Possible Reform Of U.S. Mortgage Interest Deduction Into Tax Credit
If there is anything that keeps Americans on their toes, it’s change. A total tax reform on the U.S. tax code is a hot topic for 2013 with talk about altering the mortgage interest deduction that costs the federal government at least $70 billion a year.
According to the Internal Revenue Code, the U.S. currently allows a home mortgage interest deduction, meaning it allows home-owning taxpayers to reduce their taxable income by the amount of interest paid on their loan. While intended to encourage homeownership, the deduction is highly geared towards Americans who need little assistance affording a home rather than helping the struggling homeowners.
The Center on Budget and Policy Priorities (CPBB) said in 2012, 77 percent of the benefits went to homeowners with incomes above $100,000, while middle- and lower-income families receive little to no benefit from the deduction.
Recent proposals offer the idea of converting the deduction into a tax credit for mortgage interest.
“A tax credit is a much fairer way to help homeowners, especially those that need it, like lower income families,” said Will Fischer, a senior policy analyst at The CPBB.
While it is one of the largest expenditures in the tax code and its removal could help the U.S. budget, some still fear taking it away would harm the economy and reverse the slowly recovering housing market.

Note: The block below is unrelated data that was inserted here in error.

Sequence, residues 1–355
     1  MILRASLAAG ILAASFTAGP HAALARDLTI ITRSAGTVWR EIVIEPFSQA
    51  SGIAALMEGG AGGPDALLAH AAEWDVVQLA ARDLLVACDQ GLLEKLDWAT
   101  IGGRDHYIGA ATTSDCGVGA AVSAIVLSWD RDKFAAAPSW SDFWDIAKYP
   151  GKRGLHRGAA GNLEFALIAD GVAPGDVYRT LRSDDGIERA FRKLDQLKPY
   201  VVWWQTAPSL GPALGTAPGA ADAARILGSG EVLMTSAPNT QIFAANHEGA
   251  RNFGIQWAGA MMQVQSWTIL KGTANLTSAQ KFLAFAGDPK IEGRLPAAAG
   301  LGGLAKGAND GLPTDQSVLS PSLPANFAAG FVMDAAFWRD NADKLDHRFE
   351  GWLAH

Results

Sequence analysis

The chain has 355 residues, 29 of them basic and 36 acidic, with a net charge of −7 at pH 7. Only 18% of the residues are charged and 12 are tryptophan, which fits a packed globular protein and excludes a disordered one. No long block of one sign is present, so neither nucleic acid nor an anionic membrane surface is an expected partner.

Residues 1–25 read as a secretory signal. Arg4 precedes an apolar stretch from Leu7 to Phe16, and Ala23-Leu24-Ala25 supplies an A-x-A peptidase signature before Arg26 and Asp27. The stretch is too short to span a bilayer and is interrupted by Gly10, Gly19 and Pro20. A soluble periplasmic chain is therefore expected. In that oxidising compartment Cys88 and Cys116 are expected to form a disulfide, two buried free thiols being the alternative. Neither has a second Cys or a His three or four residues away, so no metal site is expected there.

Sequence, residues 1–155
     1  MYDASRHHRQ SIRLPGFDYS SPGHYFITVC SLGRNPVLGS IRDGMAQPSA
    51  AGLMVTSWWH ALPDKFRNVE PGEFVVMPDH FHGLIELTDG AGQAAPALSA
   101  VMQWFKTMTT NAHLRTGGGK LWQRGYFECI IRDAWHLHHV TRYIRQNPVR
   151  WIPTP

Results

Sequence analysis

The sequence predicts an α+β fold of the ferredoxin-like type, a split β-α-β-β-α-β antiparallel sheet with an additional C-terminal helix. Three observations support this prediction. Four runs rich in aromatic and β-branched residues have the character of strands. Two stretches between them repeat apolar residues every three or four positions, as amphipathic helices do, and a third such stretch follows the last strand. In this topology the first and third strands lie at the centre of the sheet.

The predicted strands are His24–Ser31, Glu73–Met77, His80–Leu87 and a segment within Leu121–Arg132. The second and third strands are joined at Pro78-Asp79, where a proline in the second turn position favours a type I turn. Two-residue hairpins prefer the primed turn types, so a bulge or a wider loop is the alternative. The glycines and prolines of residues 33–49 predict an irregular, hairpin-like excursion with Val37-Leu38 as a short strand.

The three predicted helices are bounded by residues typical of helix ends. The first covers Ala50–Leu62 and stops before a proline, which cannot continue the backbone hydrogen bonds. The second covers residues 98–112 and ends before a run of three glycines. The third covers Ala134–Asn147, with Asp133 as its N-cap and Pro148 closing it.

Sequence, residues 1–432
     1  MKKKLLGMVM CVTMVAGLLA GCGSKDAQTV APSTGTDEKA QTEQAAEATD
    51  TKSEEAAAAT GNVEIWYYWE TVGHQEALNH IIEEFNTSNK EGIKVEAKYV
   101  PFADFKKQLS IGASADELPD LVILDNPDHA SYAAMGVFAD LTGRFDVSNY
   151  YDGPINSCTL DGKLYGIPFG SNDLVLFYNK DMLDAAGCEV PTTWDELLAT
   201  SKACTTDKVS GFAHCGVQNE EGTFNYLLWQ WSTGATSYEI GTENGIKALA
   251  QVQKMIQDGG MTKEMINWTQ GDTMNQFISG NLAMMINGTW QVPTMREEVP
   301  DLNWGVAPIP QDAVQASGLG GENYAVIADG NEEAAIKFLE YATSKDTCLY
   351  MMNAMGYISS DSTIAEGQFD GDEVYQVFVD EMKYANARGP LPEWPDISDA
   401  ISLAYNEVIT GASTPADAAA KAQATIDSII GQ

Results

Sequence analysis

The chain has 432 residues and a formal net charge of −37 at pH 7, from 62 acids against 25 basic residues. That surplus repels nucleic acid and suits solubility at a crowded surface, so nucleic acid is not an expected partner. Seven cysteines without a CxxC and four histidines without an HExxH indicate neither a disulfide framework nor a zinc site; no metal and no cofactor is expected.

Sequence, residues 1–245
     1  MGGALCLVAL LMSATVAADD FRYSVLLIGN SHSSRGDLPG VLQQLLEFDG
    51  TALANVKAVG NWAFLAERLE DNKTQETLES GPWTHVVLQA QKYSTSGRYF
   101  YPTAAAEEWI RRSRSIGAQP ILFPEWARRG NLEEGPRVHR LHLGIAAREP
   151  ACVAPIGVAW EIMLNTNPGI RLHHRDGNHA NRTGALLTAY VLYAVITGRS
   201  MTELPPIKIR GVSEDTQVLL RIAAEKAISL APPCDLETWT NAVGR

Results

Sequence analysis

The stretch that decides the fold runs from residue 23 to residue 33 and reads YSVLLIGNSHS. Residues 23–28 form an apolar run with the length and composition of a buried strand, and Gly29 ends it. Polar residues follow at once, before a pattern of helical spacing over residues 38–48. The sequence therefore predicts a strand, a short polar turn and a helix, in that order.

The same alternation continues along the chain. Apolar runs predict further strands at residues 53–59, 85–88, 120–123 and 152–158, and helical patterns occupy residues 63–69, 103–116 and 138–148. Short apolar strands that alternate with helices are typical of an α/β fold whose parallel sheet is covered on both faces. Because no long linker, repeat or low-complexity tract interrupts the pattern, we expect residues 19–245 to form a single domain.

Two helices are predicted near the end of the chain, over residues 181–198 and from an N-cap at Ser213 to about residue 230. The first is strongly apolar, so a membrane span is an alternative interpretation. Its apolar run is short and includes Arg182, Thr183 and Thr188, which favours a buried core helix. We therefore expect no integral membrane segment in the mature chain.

“Home prices, particularly in high cost areas, could decline 15 percent if recommendations to convert the mortgage interest deduction to a tax credit are implemented,” said the National Association of Realtors.
This in turn could slow the housing market and increase the numbers of renters than homeowners due to buyers knowing ahead of time that they won’t get that benefit each year.
Things are still up in the air right now, but we can expect to see some movement with the tax code soon.
House Ways and Means Committee Chairman Dave Camp (R-Mich.) said he would like to see a total tax reform package before the end of 2013.
Those trying to change the mortgage deduction will not find it easy, but many hearings are scheduled through summer and fall to get things moving.
“You can’t say for sure what will happen in Congress, but I think there’s a lot of momentum to finally change the mortgage interest deduction,” said Fischer.
David A. Scotch P.C., CPA